Brainier than thou
New research shows that the human brain was surprisingly advanced more than 100,000 years ago.
– Only ten years ago, no one believed that modern man came from Africa, says Christopher Henshilwood, Professor at the Institute for Archeology, History, Arts Theory and Religious Studies at the University of Bergen.
This month Henshilwood and his colleague Benoit Dubreuil have an article in print in the internationally acclaimed academic journal Current Anthropology. Here the duo discuss two periods in Stone Age southern Africa. Somewhere between 59,000 and 77,000 years ago major changes took place in the ancient human societies. The article combines practical research from excavations with theories of the evolution of the human brain and neuroscientifical data.
Henshilwood and students from Bergen have made excavations in South Africa, in what has been a French-Norwegian-South African collaborative project. The basis for the recently published article is the discoveries at Blombos Cave, on the southernmost tip of Africa. Ten years ago, this became the location of what is now regarded as the world’s oldest known artwork – ocher stones with abstract engravings.
The discovery created attention because it implied that communication in ancient times was more advanced than previously imagined. The article discusses theories of brain development that may explain the level of invention amongst humans in the area at the time.
– In our age we use symbols all the time. In our language, by what we wear, how we have our hair cut, and so on. These ancient abstract engravings are also symbols, and the use of them indicates that symbols were used and understood amongst these early humans in ways we didn’t previously imagine, says Henshilwood.
The team found several examples of a modern material culture in the South African caves. Especially startling were the finds of jewelry, pendants, and ornaments.
– Humans are the only animals to wear pendants. These people used shell beads to convey a message to other individuals. Things that are symbolic and abstract need interpretation and as such show more evidence of sophistication in these people.
The oldest known objects before these findings were less than 30,000 years old and found in Europe. Not only does this shift the focus to Africa, but also shows that advanced symbolic artefacts existed as early as 80,000 years ago. This implies that modern human culture did not originate in France, as previously thought, and that the history books need to be rewritten.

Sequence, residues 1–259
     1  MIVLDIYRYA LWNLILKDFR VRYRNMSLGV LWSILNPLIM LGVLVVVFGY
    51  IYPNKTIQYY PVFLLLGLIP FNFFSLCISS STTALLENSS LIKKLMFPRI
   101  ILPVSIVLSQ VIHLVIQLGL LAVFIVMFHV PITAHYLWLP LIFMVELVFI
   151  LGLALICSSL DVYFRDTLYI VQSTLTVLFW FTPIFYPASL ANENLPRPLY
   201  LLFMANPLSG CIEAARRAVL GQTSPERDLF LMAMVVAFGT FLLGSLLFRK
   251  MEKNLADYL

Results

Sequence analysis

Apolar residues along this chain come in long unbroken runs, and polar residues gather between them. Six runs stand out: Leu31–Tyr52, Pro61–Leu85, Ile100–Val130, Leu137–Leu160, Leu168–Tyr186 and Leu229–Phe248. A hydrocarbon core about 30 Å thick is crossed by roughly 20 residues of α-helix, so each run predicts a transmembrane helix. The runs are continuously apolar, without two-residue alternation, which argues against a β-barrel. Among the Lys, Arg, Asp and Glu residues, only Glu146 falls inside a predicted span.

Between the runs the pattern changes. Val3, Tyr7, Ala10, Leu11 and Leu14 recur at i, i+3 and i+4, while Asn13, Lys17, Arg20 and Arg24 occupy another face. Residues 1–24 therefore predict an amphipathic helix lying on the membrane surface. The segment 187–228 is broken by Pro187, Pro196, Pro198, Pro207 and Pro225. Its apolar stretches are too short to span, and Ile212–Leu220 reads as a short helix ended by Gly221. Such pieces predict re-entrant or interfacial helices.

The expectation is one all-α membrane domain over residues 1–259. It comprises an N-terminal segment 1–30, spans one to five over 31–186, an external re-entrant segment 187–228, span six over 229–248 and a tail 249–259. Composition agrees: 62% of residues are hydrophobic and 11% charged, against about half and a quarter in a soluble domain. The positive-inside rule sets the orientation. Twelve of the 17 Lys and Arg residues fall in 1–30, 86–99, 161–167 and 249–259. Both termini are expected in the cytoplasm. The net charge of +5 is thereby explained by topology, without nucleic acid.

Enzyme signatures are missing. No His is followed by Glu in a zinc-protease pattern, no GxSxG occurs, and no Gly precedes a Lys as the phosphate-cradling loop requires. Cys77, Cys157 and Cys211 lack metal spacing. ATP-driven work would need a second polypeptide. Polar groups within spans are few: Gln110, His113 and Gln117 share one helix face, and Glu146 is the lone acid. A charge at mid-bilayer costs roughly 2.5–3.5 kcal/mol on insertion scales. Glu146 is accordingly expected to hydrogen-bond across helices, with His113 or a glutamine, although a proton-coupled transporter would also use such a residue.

– If you are searching for your ancestors, you will have to look to Africa now, Henshilwood suggests.
Henshilwood and Dubreuil’s main point is that the human brain was so advanced even more than 100,000 years ago that people could understand each other’s purposes and wishes. This improvement in intelligence led to major changes in the material and social life of humans at the time.
– If I tell you that you are a “bloody stupid idiot”, you don’t really need to reply for me to understand roughly what you’re thinking. You could say that we are capable of reading each others mind.
Gift and partner exchange
The capability to interpret other people’s attitude grew increasingly important when there were only between 10,000 and 30,000 people in all of Africa. These people were living in groups of 30 to 40 people, and mainly isolated. Only now and then did they meet other human beings.
– They exchanged gifts and partners, as they couldn’t multiply internally infinitely. To organise meetings they must also have developed some system to track time. Social cohesion has been essential in building these early human societies.
The discoveries have made headlines worldwide, and the project – entitled TRACSYMBOLS – has now received further funding which will lead to more excavations in South Africa. The full article by Henshilwood and Dubreuil can be found in the latest issue of Current Anthropology.
Translated from the Norwegian by Sverre Ole Drønen.